You know you have awesome readers when you ask them for help and they respond in droves! Reader Cameron, who has been commenting since the early days of this blog, offered a post too. But this one might cause a bit of a stir. Because he will be looking at hacking the 4% rule!
In case you missed it, we already featured some other interesting guest posts too, including:
- The pension shuffle
- Where are the weird FIRE folks
- Why you company is not a great place for financial growth
Looking forward to your feedback on this one!
Hacking the 4% rule!
Unpopular opinion warning
- The 4% rule is too low.
- And timing the market beats time in the market.
There, I said it!
What is the 4% rule?
If you’ve been around the FIRE community for any length of time you’ll have heard of the 4% rule.
It’s the spending assumption when you consume income from your capital. You can safely spend up to 4% of your capital each year (adjusted for inflation) and expect with a very high degree of certainty not to run out of capital for at least 30 years.
The rule is the outcome of studies based on almost 100 years of historical price data for the S&P500 index and US government bonds using something called Monte Carlo analysis to model various mixes of equity and bond allocations and test them with different withdrawal rates.
Why is it so low?
The historical average annual return of the S&P500 index is around 7% when adjusted for inflation.
So why can’t we just invest in the index and safely spend 7% of our capital each year?
Then we’d only need to save 15 instead of 25 times our financial independence income target. Or we could reach a 75% higher income target within the same amount of time.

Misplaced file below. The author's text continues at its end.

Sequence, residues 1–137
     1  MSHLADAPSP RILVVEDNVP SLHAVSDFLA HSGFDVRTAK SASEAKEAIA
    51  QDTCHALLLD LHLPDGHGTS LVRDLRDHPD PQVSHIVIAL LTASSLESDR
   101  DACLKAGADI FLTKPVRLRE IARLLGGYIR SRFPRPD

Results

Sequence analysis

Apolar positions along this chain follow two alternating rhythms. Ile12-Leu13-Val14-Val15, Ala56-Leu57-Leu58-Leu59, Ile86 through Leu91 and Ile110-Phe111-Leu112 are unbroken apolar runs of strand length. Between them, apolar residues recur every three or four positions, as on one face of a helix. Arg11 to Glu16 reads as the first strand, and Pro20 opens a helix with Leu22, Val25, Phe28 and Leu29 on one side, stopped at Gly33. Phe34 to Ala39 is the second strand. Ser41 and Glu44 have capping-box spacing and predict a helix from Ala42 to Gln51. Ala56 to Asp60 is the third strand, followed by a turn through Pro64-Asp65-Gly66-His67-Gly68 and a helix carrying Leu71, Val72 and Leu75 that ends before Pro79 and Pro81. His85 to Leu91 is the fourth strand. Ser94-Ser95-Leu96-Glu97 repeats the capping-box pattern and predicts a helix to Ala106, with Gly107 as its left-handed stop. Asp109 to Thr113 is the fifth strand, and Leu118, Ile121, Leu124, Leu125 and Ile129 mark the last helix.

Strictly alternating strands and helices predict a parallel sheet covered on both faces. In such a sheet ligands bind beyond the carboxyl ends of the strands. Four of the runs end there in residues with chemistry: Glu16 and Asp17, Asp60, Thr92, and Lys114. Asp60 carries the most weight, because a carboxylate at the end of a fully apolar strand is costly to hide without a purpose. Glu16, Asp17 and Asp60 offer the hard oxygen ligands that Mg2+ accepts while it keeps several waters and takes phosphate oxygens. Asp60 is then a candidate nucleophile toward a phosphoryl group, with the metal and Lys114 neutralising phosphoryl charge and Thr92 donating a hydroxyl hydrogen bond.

That’s what 7% instead of 4% means!
One reason the safe-withdrawal-rate is so low is that the main model portfolio in the studies is only 60% equities (and 40% bonds) meaning not enough capital is allocated to equities to expect the full rate of equity returns.
Another more consequential factor is something called sequence-of-return-risk, or sequence risk.
What is sequence risk?
Sequence risk is the likelihood that returns in the future will be so poor that our investment capital will be depleted and never recover, causing us to run out of money before we stop needing it.
Though we can’t know what annual returns will occur in the future, nor in which order they’ll arrive, we can achieve reasonable predictive value by modelling historical annual returns with Monte Carlo analysis.
Simply put, we randomly jumble up all the historical annual returns and replay them to simulate the journey of a portfolio through thousands of alternate histories. To the extent that we expect our future not be excessively different from our past, the predictive value of this analysis is expected to be high.
From this process it’s possible to infer that the highest withdrawal rate which ensures 100% likelihood of portfolio survival, when living off income from capital for a period of at least 30 years, is…… 4% .
So, what’s wrong with this, and why would we want to hack it?
The studies assume we stay invested in equities with a fixed asset allocation during times when the equity portion of a portfolio can return -30%, -40%, -50% or -60%, like the period from 1929 to 1931.
But I believe if we are able to hack this issue, we might instead be able to safely withdraw something closer to the historical average annual share market return of 7%.
The case for at least trying to figure out a solution is very compelling, and I believe it could be found in something called momentum investing.
Momentum investing to the rescue
Instead of the traditional strategy of sticking to the index through thick-and-thin and mitigating sequence risk with bonds and a conservative 4% (or lower!) safe-withdrawal-rate, I believe it makes more sense to have a strategy which manages risk while being more fully invested in equities.
I implement such a strategy by attempting to buy and hold positions in equities that are trending higher, and selling them when their momentum weakens.
The basic idea is to make as much as possible when market conditions are favourable, and protect gains and capital during other times.
This is the key to hacking the 4% rule.
By systematically reducing equity exposure and increasing cash holdings during unfavourable markets it becomes possible to achieve a dynamic defensive asset allocation. And as individual shares trend higher again and hope of a new bull market emerges the portfolio shifts back to a higher concentration of equities.